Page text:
Breaking Bad continued to parlay its five nearly flawless seasons into one of TV’s tensest final seasons with “Confessions,” in which the bottom continues to fall out of Walter White’s (Bryan Cranston) manipulative plans.

"Confessions" began with Todd (Jesse Plemons) leaving his former meth-cooking mentor Walt a message before entering a diner to meet with his uncle and his uncle’s buddy. Since Lydia (Lauren Fraser) had Declan and his crew slaughtered last week, she’s in need of some new management and Todd thinks these guys could be up to the task. In order to lure them in, he recalls the methylamine siphoning train heist – and tells them how much money the stolen product could make them.

Meanwhile, Hank (Dean Norris) is back in the interrogation room with Jesse Pinkman (Aaron Paul). The video camera is off, the windows covered and it's just Hank and Jesse face-to-face. The DEA agent lets Jesse know he knows that his own brother-in-law is Heisenberg. An incredulous Jesse lifts an arched eyebrow, but betrays no other words or gestures to confirm Hank’s “conjecture.” Before Hank’s empathetic appeal about being lied to and manipulated by Walt can work, Saul (Bob Odinkirk) barges in and calls off the interrogation, citing Hank’s past pummeling of his client.

At home, Walt tries clumsily to apply Skyler’s (Anna Gunn) makeup to his bruised eyes as Flynn (RJ Mitte) makes to head out the door and off to Hank and Marie’s. Before he gets out, Walt yields him and tells his son that the cancer is back. Just as he intended, he doesn’t have to forbid Flynn to stay home; Flynn insists. Later on at the house, Walt sits on his bed as Skyler sets up a camcorder. Looking directly into the camera, a worn and withered Walt begins, “This is my confession” – a well-applied nod back to Breaking Bad’s pilot episode.

The new team of Walt and Skyler sits down to dinner at a local Mexican restaurant, appearing to be waiting for two others to join them. Soon enough, stony-faced Hank and Marie (Betsy Brandt) take the remaining seats. Walt refuses to admit any crimes, and tells Hank he has no proof of anything. Walt’s not Heisenberg here, however, he’s more like chemistry teacher Walter White. He’s smart but he’s simple, and family and avoiding confrontation are his top priorities. Walt asks Hank why he’d say anything and ruin their family, and more specifically, ruin Flynn.

Marie tells Walt that he should kill himself. Skyler tells Marie that that’s uncalled for and that “it” is all in the past. Hank tells Walt he should be a man and just turn himself in. And, it seems for a moment that Walt might be keen to oblige. He tells Skyler it’s time to go and slides a disc across the table that presumably has the contents of the confession on it, and they leave the Schraders to their own devices.

When Hank and Marie get home, they pop the disc in and let it play on their big screen TV as they stand watching Walt’s confession, their mouths agape. It’s a confession, but it’s not the kind they were hoping for. Instead of admitting to being the evil Heisenberg, Walt falsely confesses to merely being a pawn in a bigger game run by a controlling, murderous agent of the law and his relative by marriage – Hank Schrader. He implicates his brother-in-law in just about every crime they’ve pinned on the infamous meth cook, and he even has a cash trail to make it plausible. That $177,000 gifted for Hank’s physical therapy? Drug money given to the puppeteer of the operation.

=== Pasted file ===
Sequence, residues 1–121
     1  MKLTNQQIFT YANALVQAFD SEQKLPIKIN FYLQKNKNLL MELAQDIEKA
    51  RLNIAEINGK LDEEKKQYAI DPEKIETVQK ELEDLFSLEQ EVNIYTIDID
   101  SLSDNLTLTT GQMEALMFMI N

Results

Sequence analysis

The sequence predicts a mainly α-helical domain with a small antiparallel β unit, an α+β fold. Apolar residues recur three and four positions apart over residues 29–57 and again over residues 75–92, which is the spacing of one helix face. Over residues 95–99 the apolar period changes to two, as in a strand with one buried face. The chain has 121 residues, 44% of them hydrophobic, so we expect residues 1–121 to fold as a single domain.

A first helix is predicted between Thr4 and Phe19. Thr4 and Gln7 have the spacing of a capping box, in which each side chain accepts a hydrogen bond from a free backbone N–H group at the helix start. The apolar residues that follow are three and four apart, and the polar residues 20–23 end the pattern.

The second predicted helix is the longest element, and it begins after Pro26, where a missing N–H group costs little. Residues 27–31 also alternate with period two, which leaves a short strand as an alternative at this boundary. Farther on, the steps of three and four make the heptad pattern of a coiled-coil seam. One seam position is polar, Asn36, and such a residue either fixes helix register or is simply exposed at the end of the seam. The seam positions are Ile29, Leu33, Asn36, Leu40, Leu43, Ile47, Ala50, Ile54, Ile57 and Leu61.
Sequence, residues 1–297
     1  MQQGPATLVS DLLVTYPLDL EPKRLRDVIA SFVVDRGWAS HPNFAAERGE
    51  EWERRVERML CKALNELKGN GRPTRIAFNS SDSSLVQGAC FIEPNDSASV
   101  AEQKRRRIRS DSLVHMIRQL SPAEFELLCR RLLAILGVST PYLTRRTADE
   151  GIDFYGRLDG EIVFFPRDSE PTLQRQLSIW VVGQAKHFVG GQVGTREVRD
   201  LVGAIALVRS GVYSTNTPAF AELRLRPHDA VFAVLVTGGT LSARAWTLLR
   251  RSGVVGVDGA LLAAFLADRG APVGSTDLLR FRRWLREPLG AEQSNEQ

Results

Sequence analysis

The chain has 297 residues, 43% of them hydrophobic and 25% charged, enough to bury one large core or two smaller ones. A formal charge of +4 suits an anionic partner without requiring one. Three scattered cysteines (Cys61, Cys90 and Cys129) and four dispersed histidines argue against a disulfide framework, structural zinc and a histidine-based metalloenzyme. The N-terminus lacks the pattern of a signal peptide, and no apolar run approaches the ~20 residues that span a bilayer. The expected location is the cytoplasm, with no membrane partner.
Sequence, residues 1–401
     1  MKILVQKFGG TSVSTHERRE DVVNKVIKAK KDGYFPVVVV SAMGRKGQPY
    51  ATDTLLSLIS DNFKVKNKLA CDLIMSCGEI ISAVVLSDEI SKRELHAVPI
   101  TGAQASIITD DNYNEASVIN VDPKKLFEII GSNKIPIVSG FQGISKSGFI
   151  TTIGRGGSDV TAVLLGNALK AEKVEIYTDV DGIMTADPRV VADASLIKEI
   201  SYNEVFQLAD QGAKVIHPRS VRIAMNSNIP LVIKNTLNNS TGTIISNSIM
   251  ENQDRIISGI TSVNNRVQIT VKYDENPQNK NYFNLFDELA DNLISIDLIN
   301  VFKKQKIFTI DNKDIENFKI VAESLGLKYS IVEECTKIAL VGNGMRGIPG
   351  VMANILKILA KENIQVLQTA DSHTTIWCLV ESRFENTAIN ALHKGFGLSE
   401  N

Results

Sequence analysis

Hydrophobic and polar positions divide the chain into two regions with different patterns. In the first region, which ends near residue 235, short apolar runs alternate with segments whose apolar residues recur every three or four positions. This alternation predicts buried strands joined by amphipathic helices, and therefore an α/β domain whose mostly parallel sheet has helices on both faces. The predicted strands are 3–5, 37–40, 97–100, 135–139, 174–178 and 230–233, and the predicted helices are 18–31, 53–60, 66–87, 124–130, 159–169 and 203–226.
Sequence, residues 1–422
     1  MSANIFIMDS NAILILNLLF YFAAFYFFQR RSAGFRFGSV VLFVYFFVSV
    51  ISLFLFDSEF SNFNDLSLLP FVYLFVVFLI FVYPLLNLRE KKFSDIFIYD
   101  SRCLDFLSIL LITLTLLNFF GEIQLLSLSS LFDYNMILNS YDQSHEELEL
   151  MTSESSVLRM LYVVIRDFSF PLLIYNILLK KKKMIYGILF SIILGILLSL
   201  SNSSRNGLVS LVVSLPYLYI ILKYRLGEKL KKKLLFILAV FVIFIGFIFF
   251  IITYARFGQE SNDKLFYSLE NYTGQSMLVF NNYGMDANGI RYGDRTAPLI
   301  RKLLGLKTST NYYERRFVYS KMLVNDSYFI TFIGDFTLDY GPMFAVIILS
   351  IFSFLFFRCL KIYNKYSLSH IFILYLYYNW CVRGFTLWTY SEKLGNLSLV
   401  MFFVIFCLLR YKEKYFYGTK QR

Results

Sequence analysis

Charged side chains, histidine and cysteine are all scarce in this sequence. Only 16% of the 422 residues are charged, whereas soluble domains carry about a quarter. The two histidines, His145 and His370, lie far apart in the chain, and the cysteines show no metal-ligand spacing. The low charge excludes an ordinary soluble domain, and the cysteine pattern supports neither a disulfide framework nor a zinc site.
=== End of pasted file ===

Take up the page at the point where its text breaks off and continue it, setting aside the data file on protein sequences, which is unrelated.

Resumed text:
Knowing that Jesse and Hank faced off, Walt arranges to meet with Jesse and Saul out in the desert. He seems to believe Jesse when he tells him he didn’t tell Hank anything, and that Hank, lacking evidence, hasn’t told anyone else. Walt once again assumes the paternal cloak to manipulate Jesse. This time, it’s to get him to basically get lost. Jesse calls him out, shouting, “Would you just, for once, stop working me? Drop the whole concerned dad thing.” After Jesse reveals he knows Walt killed Mike, Walt walks measuredly towards him – and embraces him. Jesse crumbles into a shaking mess of sobs, and you know he’s going to do just as Walt suggests.

Jesse, following the relocation plan, arrives at Saul’s office to get his orders. He’s to meet a guy on the side of the road, hop into the car with him and do as he’s told. As he’s standing on the desert sands waiting for his ride to arrive, Jessie realizes his weed is gone and has been replaced by a pack of cigarettes. Adding it all up, he realizes that the mystery of the ricin cigarette that had eaten him up for months was the work of Walter and Saul. Irate, he refuses the ride and heads back to Saul’s office with a gun, getting a confession before he barrels out and heads to the White house. Storming up the driveway, kicking down a door with red gas cans in tow, he dumps the gasoline furiously all over the place, and then the credits roll.

Breaking Bad returns next Sunday on AMC at 9/8c with a blaze-ready house and Walt faced with a dilemma in Jesse that might require his most malevolent move yet.

– Chelsea Regan

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For More 'Breaking Bad' News & Recaps:

Breaking Bad 'Confessions' Spoilers: Does Walt Confess To Jessie; Who Meets Walt & Skyler For Dinner?

‘Breaking Bad’ Recap: Hank Appeals To Skyler; Marie Tries To Steal Walt and Skyler’s Baby

‘Breaking Bad’ Premiere Dedicated To Kevin Cordasco, Teen Super Fan Who Died After Long Cancer Battle

Breaking Bad TV Review: Walt & Hank Face Off; Jessie Questions About Mike

‘Breaking Bad’ Premiere Recap: Hank Punches Walt, Knows He’s Heisenberg; Walt's Cancer Is Back

Mythbusters' To Air Special 'Breaking Bad' Episode With Guests Aaron Paul And Vince Gilligan

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